Start container with multiple network interfaces
With 1.9, is there a way to start a container directly with two or more network interfaces?
You can do it after the container is started with “docker network connect”, but it means the process is already running and might miss the creation of the new one.
3 Solutions collect form web for “Start container with multiple network interfaces”
This question is top doing a search regarding docker and multiple network interfaces. Although is not the required version in the question I leave here some info:
With Docker 1.12+ it’s possible to add more than one network interface to a docker container, but it is needed to create the container first and then attach the second (and subsequence) network NICs prior to start the container:
$ docker create --network=network1 --name container_name containerimage:latest $ docker network connect network2 container_name $ docker start container_name
It is needed to create the networks first:
$ docker network create --driver=bridge network1 --subnet=172.19.0.0/24 $ docker network create --driver=bridge network2 --subnet=172.19.1.0/24
Also, you can start the container attaching the dockerhost network interfaces by using the –network=host argument in docker run:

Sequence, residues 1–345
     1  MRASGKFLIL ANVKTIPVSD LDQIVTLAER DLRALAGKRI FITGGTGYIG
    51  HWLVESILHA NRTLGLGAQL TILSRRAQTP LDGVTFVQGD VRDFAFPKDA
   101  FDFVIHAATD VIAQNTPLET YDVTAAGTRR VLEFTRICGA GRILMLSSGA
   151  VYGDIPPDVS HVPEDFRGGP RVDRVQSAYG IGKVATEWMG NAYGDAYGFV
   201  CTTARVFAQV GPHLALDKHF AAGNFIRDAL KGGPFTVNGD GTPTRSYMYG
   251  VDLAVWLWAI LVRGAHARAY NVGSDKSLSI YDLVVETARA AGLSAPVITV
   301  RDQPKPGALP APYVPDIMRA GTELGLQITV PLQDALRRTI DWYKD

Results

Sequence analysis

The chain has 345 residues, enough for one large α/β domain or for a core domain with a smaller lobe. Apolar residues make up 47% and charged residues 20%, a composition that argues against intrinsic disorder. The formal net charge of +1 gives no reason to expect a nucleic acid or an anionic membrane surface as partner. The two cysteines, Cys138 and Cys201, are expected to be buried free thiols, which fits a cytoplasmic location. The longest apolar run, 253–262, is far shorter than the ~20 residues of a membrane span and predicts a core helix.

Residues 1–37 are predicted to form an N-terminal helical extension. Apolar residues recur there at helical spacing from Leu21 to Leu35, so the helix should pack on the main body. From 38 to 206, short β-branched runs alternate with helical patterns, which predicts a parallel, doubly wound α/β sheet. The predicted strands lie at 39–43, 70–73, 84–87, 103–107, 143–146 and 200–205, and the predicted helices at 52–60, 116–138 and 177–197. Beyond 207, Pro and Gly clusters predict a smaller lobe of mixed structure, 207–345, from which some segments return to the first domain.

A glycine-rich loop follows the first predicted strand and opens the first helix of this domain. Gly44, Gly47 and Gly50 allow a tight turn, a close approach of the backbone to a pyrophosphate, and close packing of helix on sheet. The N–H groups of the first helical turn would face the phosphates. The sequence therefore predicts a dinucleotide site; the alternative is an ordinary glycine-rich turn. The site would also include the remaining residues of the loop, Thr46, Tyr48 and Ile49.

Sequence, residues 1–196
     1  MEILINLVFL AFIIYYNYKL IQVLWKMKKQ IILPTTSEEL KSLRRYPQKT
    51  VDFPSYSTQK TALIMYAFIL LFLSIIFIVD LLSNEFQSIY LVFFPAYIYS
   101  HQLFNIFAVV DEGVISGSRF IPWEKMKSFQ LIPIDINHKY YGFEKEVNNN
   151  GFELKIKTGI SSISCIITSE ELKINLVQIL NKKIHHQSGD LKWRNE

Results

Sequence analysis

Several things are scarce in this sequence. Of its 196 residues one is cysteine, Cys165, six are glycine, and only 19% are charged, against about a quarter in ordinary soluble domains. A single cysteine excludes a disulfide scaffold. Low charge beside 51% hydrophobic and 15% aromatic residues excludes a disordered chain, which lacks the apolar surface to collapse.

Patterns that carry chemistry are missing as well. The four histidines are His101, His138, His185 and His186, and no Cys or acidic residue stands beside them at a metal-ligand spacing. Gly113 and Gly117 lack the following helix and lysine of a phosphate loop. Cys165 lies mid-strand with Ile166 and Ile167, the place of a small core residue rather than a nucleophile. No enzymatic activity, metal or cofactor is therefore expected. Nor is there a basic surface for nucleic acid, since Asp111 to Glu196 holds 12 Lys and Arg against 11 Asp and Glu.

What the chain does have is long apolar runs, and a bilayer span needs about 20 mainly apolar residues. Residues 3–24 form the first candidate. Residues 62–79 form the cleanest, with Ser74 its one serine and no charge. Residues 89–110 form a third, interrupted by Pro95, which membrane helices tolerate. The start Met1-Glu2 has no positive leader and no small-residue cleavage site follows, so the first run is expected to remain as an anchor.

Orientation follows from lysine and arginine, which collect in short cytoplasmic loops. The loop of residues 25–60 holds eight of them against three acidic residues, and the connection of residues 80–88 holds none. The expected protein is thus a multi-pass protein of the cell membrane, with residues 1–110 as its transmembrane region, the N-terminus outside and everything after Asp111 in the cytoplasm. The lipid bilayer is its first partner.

$ docker run --net=host containerimage:latest
As @gesellix answered, currently its not possible.
You can find this issue under
There are some pending improvements in this area.
As I see from discussions – current idea is to create container (with docker create), attach networks (docker network connect) and then start (docker start).
You can check reasoning in comments of https://github.com/docker/docker/pull/17796
UPD: #17750 is closed and will be available in 1.10
No, this isn’t possible. The docs also show that the necessary command line option
--net only accepts a single network name: http://docs.docker.com/engine/reference/run/#network-settings
Please also keep in mind that Docker 1.9 constantly updates the
/etc/hosts file inside your containers, so that a running process cannot rely on the initial state of that file. The best way would be to make your process aware of updates, either through manually reading the
/etc/hosts file or by querying a dns server. That way you wouldn’t have issues when the second network will be connected.